Chapter Notes - History Traders Kings and Pilgrims
(i) The Iron Age laid roots of a golden period in South India from 300 BC to 300 AD, popularly known as the Sangam Age.
(ii) The rich poetry of this period reflects the glory of Tamil culture and society.
(iii) Tamils had good contacts and trade relations with distant lands like Rome and Cambodia.
Fig: Sangam Age
i) The word ‘Sangam’ means assembly. The Tamil literature reveals three literary gatherings of poets and scholars around
(ii) 2,200 years ago under the patronage of the Pandyan Kings.
iii) Of the second assembly, only the Tamil grammar ‘Tolkappiyam’ has survived. The third assembly at Madurai led to the creation of over 2,000 poems together which is called the Sangam Literature.
(i) The Sangam literature mentions three Kingdoms in the Tamilakam territory: The Cheras, the Cholas, and the Pandyas.
ii) The Cheras were Alsop called Keralaputras and traded in spices, cattle, and turmeric.
iii) The Cholas ruled Kaveri delta and even captured parts of Sri Lanka.
iv) The Pandyas centered around Madurai. Madurai was famous for its third Tamil assembly.
Fig: Kingdom of Acient India
i) Tamilakam had extensive trade with distant lands.
ii) Greeks text like Pliny’s periplus History also confirm these trade relations.
iii) The Sangam literature uses the word ‘Yavana’ for Greek and Romans.
iv) Historians confirm that Christianity came to South India due to these contacts.
v) Trade route was through North India front Taxila to Pataliputra via Ujjain which linked to Tamralipti seaport.
(vi) The Tamil Kingdom even had trade with South and South-East regions of Ceylon, Malaya, Java, Cambodia, Sumatra, etc.
Conquerors from Distant Lands:
i) In North-West India, the main conquerors were Sungas, Indo-Greeks, Parthians, Kushanas, and Shakas.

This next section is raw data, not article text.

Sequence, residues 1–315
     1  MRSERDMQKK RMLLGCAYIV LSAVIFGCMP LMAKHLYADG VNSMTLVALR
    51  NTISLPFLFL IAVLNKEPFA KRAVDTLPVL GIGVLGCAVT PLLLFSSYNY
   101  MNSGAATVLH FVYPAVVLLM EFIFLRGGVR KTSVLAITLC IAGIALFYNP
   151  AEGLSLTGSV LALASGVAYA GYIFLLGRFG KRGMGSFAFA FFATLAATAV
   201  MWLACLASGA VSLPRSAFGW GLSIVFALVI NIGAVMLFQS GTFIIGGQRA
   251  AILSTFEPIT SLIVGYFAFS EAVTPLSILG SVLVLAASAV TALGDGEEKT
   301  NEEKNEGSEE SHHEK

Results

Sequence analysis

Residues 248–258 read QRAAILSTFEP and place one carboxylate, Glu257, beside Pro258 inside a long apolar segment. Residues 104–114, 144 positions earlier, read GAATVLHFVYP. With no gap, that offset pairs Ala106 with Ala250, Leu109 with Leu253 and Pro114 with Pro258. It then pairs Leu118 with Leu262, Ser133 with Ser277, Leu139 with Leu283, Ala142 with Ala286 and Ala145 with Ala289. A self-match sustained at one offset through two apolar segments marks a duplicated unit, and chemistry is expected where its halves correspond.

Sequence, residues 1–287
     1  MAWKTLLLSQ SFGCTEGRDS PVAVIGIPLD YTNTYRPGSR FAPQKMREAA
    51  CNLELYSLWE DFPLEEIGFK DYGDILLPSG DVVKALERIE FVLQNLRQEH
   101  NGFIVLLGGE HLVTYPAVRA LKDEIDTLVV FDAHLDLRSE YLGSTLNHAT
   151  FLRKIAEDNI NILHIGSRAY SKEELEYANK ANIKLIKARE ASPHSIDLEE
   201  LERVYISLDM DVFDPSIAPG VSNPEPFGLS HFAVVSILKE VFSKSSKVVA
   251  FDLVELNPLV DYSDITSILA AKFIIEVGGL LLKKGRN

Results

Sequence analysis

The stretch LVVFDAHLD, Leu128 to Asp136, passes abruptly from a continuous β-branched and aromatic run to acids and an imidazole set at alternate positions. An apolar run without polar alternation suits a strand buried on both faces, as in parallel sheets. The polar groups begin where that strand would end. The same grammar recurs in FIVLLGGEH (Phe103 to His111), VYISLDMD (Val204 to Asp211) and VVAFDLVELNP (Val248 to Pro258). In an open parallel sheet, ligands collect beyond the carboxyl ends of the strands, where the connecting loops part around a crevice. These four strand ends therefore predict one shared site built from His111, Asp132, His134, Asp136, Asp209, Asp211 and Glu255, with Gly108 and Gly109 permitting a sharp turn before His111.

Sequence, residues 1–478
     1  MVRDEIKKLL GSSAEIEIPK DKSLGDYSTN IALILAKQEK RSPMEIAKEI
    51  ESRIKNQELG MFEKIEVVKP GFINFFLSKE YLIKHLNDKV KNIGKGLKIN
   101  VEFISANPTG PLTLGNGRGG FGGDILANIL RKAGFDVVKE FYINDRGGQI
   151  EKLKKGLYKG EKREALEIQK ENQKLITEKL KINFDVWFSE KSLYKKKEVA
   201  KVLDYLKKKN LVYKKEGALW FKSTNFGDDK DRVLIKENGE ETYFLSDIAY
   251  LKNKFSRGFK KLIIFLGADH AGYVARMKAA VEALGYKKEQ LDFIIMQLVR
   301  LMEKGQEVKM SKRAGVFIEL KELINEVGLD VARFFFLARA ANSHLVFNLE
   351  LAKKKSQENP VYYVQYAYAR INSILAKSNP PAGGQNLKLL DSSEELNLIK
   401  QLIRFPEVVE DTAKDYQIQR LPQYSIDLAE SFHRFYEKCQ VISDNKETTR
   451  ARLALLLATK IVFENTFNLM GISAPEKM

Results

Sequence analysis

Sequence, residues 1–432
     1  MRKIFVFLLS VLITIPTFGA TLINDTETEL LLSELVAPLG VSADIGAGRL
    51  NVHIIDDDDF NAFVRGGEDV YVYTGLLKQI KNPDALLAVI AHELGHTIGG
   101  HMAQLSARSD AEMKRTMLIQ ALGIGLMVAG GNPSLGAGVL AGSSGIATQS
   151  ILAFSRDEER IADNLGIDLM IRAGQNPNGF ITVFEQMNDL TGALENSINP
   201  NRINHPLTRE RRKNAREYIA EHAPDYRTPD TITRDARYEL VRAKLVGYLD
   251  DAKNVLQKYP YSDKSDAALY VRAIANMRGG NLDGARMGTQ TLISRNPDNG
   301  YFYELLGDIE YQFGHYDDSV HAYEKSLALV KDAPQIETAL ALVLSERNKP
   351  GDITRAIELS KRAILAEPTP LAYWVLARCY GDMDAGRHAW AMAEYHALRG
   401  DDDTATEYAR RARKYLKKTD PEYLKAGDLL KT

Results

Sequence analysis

ii) Sungas came in 185BC, after defeating the last Mauryan ruler Brihadratha and captured Magadha. They spread Buddhism.
iii) The Indo-Greeks or Bactrians were from Northern Afghanistan. They captured Punjab.
iv) The Parthians came from Central Asia and established Gandhara as their capital. The Kushanas were nomadic Yueh-chi tribes of North-West China. They defeated the
(v) Indo-Greeks, Parthians and Shakas. Their greatest ruler was Kanishka.
(vi) Shakas came through Hindu-kush mountains and established Ujjain as their capital.
The most famous Shaka ruler was Rudradaman.
(vii) In central India, the Satavahanas were the main rulers. Gautamipurtra, Sri Satkarni was their most important ruler.
(i) Trade flourished during this period. All the kingdoms issued a number of gold, silver and copper coins to promote trade.
(ii) Broach, Sopara and Kalyan were the important port cities.
(iii) The most important reason for development and prosperity during the age was the Silk Route which linked India to Rome via Central Asia.
i) In India, Buddhism and Hinduism were the two main religions.
ii) Buddhism was divided into two cults Hinayana and Mahayana.
iii) Menander, the Indo-Greek king, and Kanishka, the Kushana ruler helped in the promotion of Buddhism.
iv) Bamiyan, one of the tallest statues of Buddha.
(v) Hinduism was patronized by Satavahana ruler who worshipped Vishnu, Shiva, and Mother Goddess.
(vi) Emphasis was now laid on loving devotion to God called Bhakti.
(vii) Deities were kept in special homes called temples.
(viii) Bhagavad Gita became famous text during this period.